Hello, you! I hear that you have 25 years of experience in the communications field, and have worked with the Fortune 500. I myself have put on my own website that I have a certain amount of experience, and that I have worked with the Fortune 500, the Fortune 100, hell, I am the Fortune 500 now. I have become one with them, I am a rat king of Fortune companies, rolling around consuming matter both edible and otherwise.
In all seriousness, though, nobody cares. Sure, there’s the immediate gut-check of “have they done stuff before,” but for the most part if you’ve encountered any PR manager or CEO who’s tried to order you around, they’ve brought up how many years they’ve been doing their job. They have said that they have 30 years in PR, doing corporate communications, and that as a result your thoughts are both invalid and stupid.
Your years in PR are apparently what give you the ability to do your job, not your actual achievements or things you’ve done with your own hands.
This rant bubbled up in my skull because I was recently forced to read posts from the Public Relations Society of America’s recent banning of a member from said forum for asking very clear-cut questions about things like “why do we say we are making money when we are losing money” and “why do we hide who is doing the financial audits” and “why have we not had a new CEO in 18 months.”
The forum posts, which I won’t share because they are private and every one of the whiny babies who likes to post about how much they love public relations would go completely insane if I did, are mostly people repeatedly saying that Mary is being mean, and also how many years of experience they have, and how many years they’ve all sat around talking about how good PR is in their PR group for PR people.
Note, if this comes off as a petty grievance – it is! This is my website, not your website.
For the most part, I realize that people need to justify their existence through whatever things they believe to be valid. It’s a tough world out there, and we’ve all got things we hang on to when we’re feeling a lack of self confidence. But PR people have this insane attachment to how many years they’ve managed to not get fired, or how many years they’ve managed to stick around in a field where the barrier to entry is having an email account.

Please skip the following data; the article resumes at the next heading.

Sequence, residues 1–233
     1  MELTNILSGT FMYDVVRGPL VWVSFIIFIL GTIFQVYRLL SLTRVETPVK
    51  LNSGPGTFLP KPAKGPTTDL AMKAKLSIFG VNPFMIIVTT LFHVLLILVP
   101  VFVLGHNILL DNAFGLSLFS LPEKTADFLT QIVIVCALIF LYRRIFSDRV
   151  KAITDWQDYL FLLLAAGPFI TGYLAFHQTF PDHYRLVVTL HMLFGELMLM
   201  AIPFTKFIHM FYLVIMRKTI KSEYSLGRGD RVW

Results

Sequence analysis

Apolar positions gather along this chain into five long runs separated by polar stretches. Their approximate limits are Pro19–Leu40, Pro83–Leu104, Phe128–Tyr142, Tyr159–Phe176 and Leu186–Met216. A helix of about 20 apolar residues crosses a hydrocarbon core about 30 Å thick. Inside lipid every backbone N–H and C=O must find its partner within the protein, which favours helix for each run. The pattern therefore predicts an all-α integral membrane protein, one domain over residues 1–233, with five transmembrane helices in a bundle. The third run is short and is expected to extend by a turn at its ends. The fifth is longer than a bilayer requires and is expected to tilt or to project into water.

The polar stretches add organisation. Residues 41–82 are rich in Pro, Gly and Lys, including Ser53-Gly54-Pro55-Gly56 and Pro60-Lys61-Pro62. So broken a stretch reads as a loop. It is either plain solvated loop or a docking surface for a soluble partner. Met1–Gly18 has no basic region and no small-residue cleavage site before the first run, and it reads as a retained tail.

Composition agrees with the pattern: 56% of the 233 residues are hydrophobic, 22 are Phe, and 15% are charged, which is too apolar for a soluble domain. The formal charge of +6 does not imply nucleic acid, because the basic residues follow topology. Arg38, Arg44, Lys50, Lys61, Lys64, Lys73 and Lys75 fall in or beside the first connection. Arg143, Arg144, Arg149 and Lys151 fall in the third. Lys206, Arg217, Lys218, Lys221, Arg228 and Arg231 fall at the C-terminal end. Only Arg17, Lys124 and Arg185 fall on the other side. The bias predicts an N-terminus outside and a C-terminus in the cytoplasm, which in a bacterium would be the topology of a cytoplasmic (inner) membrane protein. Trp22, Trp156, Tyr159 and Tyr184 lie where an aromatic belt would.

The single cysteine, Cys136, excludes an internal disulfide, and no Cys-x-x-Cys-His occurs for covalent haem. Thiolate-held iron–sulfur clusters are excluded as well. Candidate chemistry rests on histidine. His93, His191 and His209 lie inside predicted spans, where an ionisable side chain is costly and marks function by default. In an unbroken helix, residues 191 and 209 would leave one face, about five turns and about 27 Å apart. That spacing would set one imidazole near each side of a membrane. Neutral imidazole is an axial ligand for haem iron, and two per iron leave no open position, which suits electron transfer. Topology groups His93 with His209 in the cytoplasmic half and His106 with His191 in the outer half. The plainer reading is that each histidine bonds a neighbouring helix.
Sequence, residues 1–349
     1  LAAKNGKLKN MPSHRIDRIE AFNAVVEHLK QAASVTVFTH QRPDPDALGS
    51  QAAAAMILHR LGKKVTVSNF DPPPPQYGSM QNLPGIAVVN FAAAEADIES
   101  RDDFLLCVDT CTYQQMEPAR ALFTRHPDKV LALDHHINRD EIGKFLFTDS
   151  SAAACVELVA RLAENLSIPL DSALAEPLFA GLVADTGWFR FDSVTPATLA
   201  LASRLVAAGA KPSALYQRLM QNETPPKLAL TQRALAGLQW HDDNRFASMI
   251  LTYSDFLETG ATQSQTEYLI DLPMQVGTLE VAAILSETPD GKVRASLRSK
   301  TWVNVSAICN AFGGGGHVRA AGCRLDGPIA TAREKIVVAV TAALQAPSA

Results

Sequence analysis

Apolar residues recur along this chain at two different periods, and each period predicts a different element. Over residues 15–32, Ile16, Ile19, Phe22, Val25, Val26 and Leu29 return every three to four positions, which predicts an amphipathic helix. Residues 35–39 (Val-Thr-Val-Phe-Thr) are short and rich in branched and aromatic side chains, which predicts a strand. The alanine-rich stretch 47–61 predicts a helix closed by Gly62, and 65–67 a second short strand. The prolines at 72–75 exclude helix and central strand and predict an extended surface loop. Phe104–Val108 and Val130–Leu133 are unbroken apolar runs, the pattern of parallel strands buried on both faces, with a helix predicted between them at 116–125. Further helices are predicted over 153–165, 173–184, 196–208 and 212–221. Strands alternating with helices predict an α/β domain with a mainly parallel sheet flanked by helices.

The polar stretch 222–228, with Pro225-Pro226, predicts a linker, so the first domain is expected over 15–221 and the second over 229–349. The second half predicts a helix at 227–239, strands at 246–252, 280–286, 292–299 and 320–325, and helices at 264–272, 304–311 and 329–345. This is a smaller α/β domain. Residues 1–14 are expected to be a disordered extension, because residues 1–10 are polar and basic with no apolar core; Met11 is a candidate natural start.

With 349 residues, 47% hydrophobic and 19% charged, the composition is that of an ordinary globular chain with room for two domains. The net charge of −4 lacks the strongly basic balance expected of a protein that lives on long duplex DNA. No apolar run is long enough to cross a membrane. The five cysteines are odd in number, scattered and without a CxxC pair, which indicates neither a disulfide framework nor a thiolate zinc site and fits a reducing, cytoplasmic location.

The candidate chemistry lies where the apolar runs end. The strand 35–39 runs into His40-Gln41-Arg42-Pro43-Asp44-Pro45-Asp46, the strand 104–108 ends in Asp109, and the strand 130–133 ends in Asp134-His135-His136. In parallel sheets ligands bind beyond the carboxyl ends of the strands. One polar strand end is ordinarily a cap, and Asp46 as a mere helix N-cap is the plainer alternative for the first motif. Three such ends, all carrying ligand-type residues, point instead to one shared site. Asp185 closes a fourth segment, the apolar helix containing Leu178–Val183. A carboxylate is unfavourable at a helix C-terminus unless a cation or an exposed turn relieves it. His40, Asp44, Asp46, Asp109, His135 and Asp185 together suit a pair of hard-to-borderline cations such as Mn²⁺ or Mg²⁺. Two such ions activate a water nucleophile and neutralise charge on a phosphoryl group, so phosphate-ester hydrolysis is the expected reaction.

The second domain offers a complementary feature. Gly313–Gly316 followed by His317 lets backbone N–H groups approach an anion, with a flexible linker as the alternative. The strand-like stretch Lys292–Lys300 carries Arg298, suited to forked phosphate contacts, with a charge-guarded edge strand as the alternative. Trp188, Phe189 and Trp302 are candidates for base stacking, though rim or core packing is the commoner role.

I want you to take a minute to think about any time in your life that you’ve told someone you’ve had X years of experience in something as part of an argument or management situation. If you’ve said it in a pitch for new business, fine, we all do that, but if you’ve said it in a conversation to justify your argument, it’s invalid and stupid. I have known many, many communicators that in two years of time in PR have more experience than someone who has 15 years of micromanaging and making 22-year-olds cry because they messed up the bullet points on an agenda.
In fact, I’d argue that if you have 15-25 years in marketing or PR, there’s a decent chance that you have inverse experience depending on what you’ve done with your career. If you’ve done the thing that many PR people do – found an agency, hire 15 people, distance yourself from the work, or perhaps move in-house somewhere with a big time and an agency – you’ve probably put yourself in a position of “management” that’s divorced from the actual practice of marketing or public relations. If you’ve done that, every year that you choose to not do the actual job and choose to just do “strategy” is kind of like thinking that you’re going to lose weight by spending hours planning workouts that someone else will do.
This is an issue with corporate America as a whole, but nowhere is it more obvious that it’s a problem than in marketing and PR.
I’ll be writing more about the big problems with the PRSA soon, but for now that’s all I got. I couldn’t work out a featured image for the post so I put a picture of Jim Carrey as the mask. Smockin’!
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